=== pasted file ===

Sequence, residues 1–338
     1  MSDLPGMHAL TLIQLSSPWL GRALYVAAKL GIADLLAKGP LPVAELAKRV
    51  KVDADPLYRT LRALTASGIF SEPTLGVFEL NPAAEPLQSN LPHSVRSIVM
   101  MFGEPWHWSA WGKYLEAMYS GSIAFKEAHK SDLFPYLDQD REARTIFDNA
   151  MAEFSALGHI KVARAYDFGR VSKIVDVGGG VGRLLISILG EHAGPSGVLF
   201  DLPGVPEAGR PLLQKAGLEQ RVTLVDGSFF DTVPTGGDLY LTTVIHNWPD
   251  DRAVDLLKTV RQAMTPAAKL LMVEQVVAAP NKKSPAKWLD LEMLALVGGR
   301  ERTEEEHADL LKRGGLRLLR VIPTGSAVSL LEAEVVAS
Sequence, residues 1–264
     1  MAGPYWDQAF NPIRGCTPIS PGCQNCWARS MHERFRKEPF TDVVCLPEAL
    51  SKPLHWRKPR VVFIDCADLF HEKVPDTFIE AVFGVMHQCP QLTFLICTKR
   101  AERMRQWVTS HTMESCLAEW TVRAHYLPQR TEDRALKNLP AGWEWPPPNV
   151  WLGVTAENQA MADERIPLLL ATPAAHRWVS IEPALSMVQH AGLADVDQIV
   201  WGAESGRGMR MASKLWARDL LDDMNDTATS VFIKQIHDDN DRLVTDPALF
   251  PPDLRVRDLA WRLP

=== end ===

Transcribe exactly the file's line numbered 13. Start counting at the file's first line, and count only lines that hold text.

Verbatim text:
   151  WLGVTAENQA MADERIPLLL ATPAAHRWVS IEPALSMVQH AGLADVDQIV